Pope's butler to stand trial over theft, leaks

Pope's butler to stand trial over theft, leaks

Pope's butler to stand trial over theft, leaks

Updated 13 August 2012, 21:54 AEST

The Vatican has ordered the former butler of Pope Benedict XVI to stand trial for theft and leaking confidential papers in a scandal that has embroiled the Holy See.

The Vatican says former butler Paolo Gabriele stole a $100,000 cheque made out to the Pope.

Another man, identified as computer expert Claudio Sciarpelletti, has also been charged with complicity over the scandal that saw the leaking of confidential Vatican papers to an Italian journalist.

Gabriele faces up to six years in prison. The Vatican has said the trial will not take place until October at the earliest.

The 46-year-old butler was arrested during an investigation into the leak of private papal documents to the media.

He was held for 53 days in a Vatican cell before being put under house arrest in July to await the judge's decision.

The Vatican said after his arrest it found documents and copying equipment in Gabriele's home, revelations which shocked the close-knit Holy See community and saddened the aged pontiff.

The father-of-three is alleged to have photocopied and leaked top-secret emails and letters, taken from the desk of Georg Gaenswein, the pope's private secretary.

Gabriele told investigators he acted because he saw "evil and corruption everywhere in the church".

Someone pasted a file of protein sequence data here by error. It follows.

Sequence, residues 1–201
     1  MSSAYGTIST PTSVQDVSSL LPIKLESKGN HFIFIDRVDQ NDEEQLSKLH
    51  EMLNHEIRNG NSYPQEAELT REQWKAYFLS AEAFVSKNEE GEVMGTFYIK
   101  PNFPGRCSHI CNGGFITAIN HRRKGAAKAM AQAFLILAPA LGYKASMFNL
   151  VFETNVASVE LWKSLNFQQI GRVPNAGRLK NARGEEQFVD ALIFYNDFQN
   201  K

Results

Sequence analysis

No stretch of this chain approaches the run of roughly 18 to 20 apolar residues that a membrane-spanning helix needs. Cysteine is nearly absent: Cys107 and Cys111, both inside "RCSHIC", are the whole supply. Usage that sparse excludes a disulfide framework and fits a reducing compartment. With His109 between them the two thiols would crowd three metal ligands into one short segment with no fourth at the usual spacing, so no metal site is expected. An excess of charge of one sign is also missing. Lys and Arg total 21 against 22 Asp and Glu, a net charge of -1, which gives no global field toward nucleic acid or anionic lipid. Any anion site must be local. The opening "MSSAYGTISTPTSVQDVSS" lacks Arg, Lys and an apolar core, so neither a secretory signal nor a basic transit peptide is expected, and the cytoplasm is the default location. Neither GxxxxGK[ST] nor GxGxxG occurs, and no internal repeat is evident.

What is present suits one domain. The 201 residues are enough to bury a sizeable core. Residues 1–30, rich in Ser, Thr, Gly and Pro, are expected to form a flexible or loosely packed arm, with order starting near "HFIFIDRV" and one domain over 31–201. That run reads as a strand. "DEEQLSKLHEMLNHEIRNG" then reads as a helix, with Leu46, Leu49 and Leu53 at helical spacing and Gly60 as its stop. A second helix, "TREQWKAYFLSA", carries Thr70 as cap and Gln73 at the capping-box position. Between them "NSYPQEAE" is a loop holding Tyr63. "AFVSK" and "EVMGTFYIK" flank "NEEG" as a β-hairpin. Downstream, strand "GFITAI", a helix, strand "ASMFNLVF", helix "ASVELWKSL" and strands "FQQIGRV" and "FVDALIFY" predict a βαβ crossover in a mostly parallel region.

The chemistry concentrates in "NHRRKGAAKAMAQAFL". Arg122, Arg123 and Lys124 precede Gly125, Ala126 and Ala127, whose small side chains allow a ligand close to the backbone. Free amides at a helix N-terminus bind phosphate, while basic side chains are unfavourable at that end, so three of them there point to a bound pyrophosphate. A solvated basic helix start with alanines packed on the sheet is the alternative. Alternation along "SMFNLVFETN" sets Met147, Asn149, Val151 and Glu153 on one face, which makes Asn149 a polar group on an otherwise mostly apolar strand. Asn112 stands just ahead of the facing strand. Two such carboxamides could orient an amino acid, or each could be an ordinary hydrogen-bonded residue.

Others implicated?

Vatican spokesman Federico Lombardi told journalists the investigation into a "wide and complex case" was not yet over and would continue to target others believed to be implicated.

Mr Lombardi said that computer expert Sciarpelletti had played a "marginal role" and could not really be considered an accomplice.

Gabriele's lawyers have denied media reports that their client was part of a wider whistleblowing operation aimed at shaking up the Vatican hierarchy.

There is a suspicion that he acted sincerely but was then manipulated as part of long-standing rivalries within the secretive Vatican administration.

"We don't think we have finished our work... The inquiry is still open with regard to other people who appear to be implicated," spokesman Lombardi quoted prosecutor Nicola Picardi as saying.

Gabriele, known as Paoletto, began working for the pope in 2006 and was one of a select few with access to Benedict's private chambers.

Under Vatican laws, a reprieve from the Pope could come at any moment during the investigation or trial, but religious observers say that while Benedict may offer his spiritual pardon, he is unlikely to interfere in the legal process.

The Vatican has been shaken by the scandal, which has drawn attention to divisions between senior clergymen in the Vatican and in particular growing criticism of the powerful secretary of state Tarcisio Bertone.

While the Vatican has officially reassured Bertone of its support and denied media reports of an internal power struggle, the embarrassment to the Church has been widespread and has taken a physical toll on the pontiff.

It is just the latest in a string of scandals which have plagued the Vatican in recent years, from allegations of money-laundering to clerical sex abuse.